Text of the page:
Thisby Thestoop and the Black Mountain

It’s fair to say that I read a good number of books children’s books. Having kids of my own, I like to pilfer their shelves from time to time. In our house, we like to stock “the classics” as a sort of quality guarantee. Since children’s books became a genre there have been writers who have tried to cash in on the children’s market as a way to make a quick buck with little effort. Reading “the classics” means that you get the best books from every era without having to wade through the formulaic twaddle, most of which has mercifully been forgotten over the years.
It’s a different story with modern children’s books. Picking up a new children’s book means taking a chance on wasting your time, and the modern children’s book publishing machine loves tried and true formulas. After the success of Harry Potter we got books about schools for magical/mythological/specially talented kids who are sorted into groups based on their personalities. After The Hunger Games took off, we’ve have had m…

National Geographic Exploration Experience

I’m a sucker for coffee table books. You know, those ridiculously oversized books that everyone puts out for company, but that no one actually reads? I’ve also found that Ollie’s is the best place in the world to find interesting books for cheap. In fact, on a family trip to Ollie’s a few months back, my wife and I found the most amazing coffee table book ever, which I convinced her we needed to buy because the kids would certainly use it for school some day. And though my wife is far too clever to be taken in by my ruse, and realized that I just wanted the book for myself, she still went along with me and we bought it.

The book in question is called Exploration Experience and it is published by the National Geographic Society. It chronicles the exploits of the world’s most famous explorers from the 1400s to the 1900s, from the New World to the South Pole, from Cortez to Shackleton. I’ve always loved stories of exploration and adventure. As a kid, I loved Indiana Jones, archaeology, and pretty much anything connected to British colonialism, like The Jungle Book. And, yes, I’m still enamored with all those things today.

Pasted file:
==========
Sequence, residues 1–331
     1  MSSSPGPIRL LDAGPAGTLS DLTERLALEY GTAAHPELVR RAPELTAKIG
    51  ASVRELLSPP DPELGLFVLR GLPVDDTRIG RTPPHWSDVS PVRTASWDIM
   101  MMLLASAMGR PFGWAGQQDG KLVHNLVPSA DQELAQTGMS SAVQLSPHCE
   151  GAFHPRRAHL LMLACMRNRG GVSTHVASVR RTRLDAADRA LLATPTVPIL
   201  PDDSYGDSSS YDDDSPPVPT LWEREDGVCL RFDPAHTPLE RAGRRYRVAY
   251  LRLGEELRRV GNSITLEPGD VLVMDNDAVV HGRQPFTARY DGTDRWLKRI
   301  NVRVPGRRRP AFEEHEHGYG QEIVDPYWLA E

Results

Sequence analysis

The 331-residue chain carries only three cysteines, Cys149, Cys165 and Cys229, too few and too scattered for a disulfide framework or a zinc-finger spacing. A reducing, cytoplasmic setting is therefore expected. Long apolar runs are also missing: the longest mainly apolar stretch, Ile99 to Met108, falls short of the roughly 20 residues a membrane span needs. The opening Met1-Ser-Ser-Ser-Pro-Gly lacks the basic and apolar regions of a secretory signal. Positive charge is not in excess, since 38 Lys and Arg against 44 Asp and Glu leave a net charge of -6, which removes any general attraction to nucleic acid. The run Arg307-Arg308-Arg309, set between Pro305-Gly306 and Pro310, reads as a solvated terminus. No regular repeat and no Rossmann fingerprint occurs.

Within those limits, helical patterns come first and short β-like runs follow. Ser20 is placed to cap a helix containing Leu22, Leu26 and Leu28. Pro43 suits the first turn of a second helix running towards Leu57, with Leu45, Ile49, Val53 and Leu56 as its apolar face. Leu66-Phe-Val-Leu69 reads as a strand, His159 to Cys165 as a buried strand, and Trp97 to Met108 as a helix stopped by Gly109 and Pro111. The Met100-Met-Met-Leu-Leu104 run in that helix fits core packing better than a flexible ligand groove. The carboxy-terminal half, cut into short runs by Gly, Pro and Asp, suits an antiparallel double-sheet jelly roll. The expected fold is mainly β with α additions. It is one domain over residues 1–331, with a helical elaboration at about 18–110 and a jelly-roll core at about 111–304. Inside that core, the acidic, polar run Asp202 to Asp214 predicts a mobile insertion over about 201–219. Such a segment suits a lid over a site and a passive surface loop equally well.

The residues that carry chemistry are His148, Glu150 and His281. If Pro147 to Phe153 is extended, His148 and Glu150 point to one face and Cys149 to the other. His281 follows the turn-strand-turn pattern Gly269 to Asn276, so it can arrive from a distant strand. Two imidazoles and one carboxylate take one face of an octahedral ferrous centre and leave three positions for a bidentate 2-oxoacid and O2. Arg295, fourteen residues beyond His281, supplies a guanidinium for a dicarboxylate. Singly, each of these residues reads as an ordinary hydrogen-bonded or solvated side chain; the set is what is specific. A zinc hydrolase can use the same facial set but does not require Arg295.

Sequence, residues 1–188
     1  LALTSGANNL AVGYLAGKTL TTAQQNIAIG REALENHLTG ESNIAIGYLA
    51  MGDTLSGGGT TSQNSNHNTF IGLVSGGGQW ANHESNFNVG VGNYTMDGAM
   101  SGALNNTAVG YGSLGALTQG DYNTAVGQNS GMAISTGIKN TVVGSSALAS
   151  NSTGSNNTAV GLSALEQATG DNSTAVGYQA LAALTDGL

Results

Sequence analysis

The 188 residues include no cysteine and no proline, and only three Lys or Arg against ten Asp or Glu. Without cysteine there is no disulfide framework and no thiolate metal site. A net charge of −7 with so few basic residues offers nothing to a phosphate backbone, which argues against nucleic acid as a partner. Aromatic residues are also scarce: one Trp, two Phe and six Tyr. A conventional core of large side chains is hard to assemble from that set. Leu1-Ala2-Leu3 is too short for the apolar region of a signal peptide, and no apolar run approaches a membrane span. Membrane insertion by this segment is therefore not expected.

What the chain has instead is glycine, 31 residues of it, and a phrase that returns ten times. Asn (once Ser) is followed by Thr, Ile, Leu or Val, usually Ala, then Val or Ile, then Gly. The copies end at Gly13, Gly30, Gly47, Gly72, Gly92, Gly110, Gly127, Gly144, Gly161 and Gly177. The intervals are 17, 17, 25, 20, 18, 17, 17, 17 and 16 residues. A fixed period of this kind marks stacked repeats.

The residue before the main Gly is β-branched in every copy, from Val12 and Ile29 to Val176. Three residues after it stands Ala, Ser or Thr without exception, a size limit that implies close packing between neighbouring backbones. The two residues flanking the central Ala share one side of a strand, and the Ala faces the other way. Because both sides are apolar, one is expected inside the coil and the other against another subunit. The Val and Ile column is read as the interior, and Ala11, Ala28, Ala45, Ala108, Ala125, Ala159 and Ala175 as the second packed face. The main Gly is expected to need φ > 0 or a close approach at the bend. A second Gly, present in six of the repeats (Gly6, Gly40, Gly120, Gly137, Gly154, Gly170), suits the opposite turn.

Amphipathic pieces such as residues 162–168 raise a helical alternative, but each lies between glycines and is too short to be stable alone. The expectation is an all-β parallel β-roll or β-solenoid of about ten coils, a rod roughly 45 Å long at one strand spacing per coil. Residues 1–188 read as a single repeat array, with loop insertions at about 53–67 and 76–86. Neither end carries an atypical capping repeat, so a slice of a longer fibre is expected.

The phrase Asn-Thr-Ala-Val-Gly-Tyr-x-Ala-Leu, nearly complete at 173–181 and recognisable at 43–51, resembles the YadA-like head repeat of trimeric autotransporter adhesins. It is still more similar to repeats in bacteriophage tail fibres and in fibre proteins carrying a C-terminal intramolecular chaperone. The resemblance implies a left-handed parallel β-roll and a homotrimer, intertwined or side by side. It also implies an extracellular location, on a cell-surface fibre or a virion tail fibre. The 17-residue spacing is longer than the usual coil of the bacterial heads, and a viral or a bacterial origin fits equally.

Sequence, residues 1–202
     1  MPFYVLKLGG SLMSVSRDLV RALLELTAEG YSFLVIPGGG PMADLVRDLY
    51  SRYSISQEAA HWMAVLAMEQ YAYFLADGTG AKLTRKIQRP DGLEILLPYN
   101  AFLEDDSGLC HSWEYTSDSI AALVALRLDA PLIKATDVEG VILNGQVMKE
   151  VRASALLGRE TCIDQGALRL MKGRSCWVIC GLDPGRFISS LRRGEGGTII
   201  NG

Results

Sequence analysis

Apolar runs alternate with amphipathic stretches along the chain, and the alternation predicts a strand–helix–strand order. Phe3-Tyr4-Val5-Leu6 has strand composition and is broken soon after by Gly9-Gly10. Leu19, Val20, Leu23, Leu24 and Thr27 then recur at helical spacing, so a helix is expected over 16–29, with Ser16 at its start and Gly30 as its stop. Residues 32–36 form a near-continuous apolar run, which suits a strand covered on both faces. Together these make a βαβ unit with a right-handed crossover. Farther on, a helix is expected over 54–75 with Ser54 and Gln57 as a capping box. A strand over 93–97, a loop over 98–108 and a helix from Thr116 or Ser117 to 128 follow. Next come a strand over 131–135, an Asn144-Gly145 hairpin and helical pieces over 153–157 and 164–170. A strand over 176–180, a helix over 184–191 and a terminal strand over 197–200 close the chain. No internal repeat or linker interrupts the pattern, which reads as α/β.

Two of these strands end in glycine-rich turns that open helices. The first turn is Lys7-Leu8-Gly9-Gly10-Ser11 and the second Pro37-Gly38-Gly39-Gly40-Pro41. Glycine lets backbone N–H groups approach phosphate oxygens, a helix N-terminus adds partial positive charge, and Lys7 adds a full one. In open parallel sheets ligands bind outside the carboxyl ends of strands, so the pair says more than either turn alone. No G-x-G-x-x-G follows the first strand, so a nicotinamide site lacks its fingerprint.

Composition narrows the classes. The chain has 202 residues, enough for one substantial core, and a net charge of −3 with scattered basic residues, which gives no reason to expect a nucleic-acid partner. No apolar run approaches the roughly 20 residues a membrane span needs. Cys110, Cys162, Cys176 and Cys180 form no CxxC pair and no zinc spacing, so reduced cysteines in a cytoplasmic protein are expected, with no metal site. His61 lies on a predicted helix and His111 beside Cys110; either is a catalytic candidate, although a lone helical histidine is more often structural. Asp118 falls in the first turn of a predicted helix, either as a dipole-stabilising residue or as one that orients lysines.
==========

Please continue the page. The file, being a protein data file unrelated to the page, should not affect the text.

However, the real point of interest in this book is the fact that it comes with over thirty historic reproductions of important documents. And these aren’t mere photocopies. There is one reproduction of a map made by a Jesuit missionary to China in the 1600s which is at least two feet long. Whole booklets are included, letters reproduced, supplies lists, watercolors, journals. It’s so much fun just to sit and unfold everything piece by piece. And did I mention that the whole thing comes with a cd-rom containing dozens of maps? I haven’t even had a chance to look at half the stuff in the book, but it’s a great diversion whenever I have a moment, and the kids love looking at it as well. It retails for $50 ($36 on Amazon), but I got it for considerably less at Ollie’s. However, it would easily be worth the full price. If exploration/adventure sort of things make you squeal with joy like a 6 year old, then you really ought to find a copy of this book.

Here are some examples of what’s inside:

Map of Tenochtitlan drawn by Cortez

Letter from Francois I to Jacques Cartier to colonize the region near Montreal

David Livingstone's watercolor sketch of Victoria Falls

List of supplies for a ship sent to relieve Robert Scott's Antarctic Expedition
Letter from Roald Amundsen to the king of Norway regarding Antarctic exploration

Program for a Dinner at which Shackleton pitched his idea for an Antarctic Expedition


Erica said…
This book looks so awesome!

On the note of exploration, have you read "The Lost City of Z" yet? It's about the search for what's more or less the Brazilian version of El Dorado. Pretty interesting.
Rick said…
The Lost City of Z is now on my reading list. Thanks.